on the foolish task of cooking some of the recipes I have come across in my historical romance writing research.
This is actually a recipe which dates from the 1747 publication The Art of Cookery made plain and easy. Even in the 18th Century, you ran the risk of getting a cookbook for
750g (1 ½ lb) shortcrust pastry. I cheated and bought pastry sheets.
2 medium potatoes, 2 medium onions, 2
apples. I used red apples.
60g (2oz) butter. 4 tbs water.
½ tsp mace. I struggled to find this in the supermarket, so I used Keen’s mustard instead which has been around since that time. (Well the tin in my cupboard has been). A little ground nutmeg. Some pepper, 1 tsp salt. 4 hard-boiled eggs, sliced.
Heat the oven to 350F/175C/Gas Mark 4. I
did put the fan force on and turned it down a
little. Boil the eggs. While they are boiling, peel the potatoes, onions and apples and thinly slice them.Line a 9 inch pie dish with half the pastry. I cut the sheets up and made them fit. Beat the butter with a wooden spoon and then spread half of it over the pastry. Mix the spices together. Sprinkle a little over the pastry. Then layer the sliced eggs, potatoes, onions and apples in the dish, sprinkling a little of the spice between the layers. Roughly cut is good enough remembering that they didn’t have egg slicers in those days. (Ok, I couldn’t find one in my kitchen). Cut the rest of the butter into pieces and lay them on the top. Put in the 4 tbs of water. Then put the pastry sheet on the top.
Cook for an hour or until the potatoes are tender. Serve hot or cold.
You could make these into individual onion pies.
Her eyes drifted lower to the highly polished black Hussar boots which clung to his calf muscles. She took a deep breath and tried to turn her head away, but found herself unable.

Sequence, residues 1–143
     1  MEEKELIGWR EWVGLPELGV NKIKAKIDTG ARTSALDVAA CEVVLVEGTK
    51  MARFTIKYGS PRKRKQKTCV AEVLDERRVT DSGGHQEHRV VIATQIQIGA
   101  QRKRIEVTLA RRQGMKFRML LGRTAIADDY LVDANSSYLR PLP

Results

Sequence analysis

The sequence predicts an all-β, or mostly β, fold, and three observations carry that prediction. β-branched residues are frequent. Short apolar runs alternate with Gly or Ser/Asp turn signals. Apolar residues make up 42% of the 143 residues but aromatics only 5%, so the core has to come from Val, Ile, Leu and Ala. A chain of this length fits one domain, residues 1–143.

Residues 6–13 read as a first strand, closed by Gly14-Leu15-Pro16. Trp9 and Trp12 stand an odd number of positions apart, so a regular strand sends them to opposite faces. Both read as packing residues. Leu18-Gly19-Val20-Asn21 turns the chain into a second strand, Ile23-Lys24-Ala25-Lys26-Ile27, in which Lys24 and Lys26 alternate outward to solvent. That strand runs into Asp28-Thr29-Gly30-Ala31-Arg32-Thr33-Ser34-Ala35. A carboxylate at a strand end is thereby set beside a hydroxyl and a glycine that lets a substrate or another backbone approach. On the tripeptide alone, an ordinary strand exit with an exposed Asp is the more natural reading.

Or was it unwilling?
Letter from a Rake.
The military uniforms of European countries such as Prussia, France and Russia, had a great influence on English mens fashion in the 19th century. The boot was a practical solution to the poor condition of the roads and a gentleman’s need to ride.
The Hessian boot (a favourite of Mr George Brummell)
The most popular type of boot was the Hessian. Originally, they were designed as a hard working leather boot for military officers. Having a low heel and a pointed toe, they were particularly suited to sit easily in the stirrup.
With a heart- shaped top and decorative tassel (gold for fashion and silver for mourning), they were a comfortable and practical form of footwear.
The Hussar boot.
The Hussar (or buskin) boot was a variation on the very popular Hessian boot. They were short calf- length Hessians, but without the decorative tassel.
Colonel E Davydov. Prussian Hussars 1809
The Wellington boot.
Another famous variation on the Hessian boot, which still survives in various forms today, was the Wellington boot. The Duke of Wellington had his boot maker, Hoby of St James’s Street London, change the boot so that the top reached to knee high in front. He also had the back lowered to make the boot more comfortable. The story being, that Wellington had noted the number of injuries sustained by his mounted soldiers from having been shot in the knee.
The higher front on the Wellington (without a turnover cuff) afforded at least a modicum of cover. The Wellington was cut to a loose fit and soon gained in popularity.
The Top Boot.
The top boot (or hunt boot) had a cuff at the
top. The inside of the boot was made of lighter color leather and was often turned down to give a stylish two tone effect. Some boots were made with a separate tan top to give the impression of a ‘turned down’ boot.
Portrait of Joseph Antoine de Nogent
Expense was no object to the refined members of Regency English society when it came to their writing desks. Mahogany timber, brass mouldings and exquisite craftsmanship was the order of the day. The brass castors allowed the desk to be moved easily, without scratching highly polished floorboards.
While ladies spent a great deal of their time writing letters during the
day, a woman of quality and fine breeding would have a small satinwood writing
table for her bedroom or boudoir.
I can imagine Millie Ashton, heroine of Letter
from a Rake sitting at this very desk penning a note to a friend in far off Calcutta,
1790 mahogany bonheur-du-jour
Satinwood kidney table, suitable for a ladies bedroom or boudoir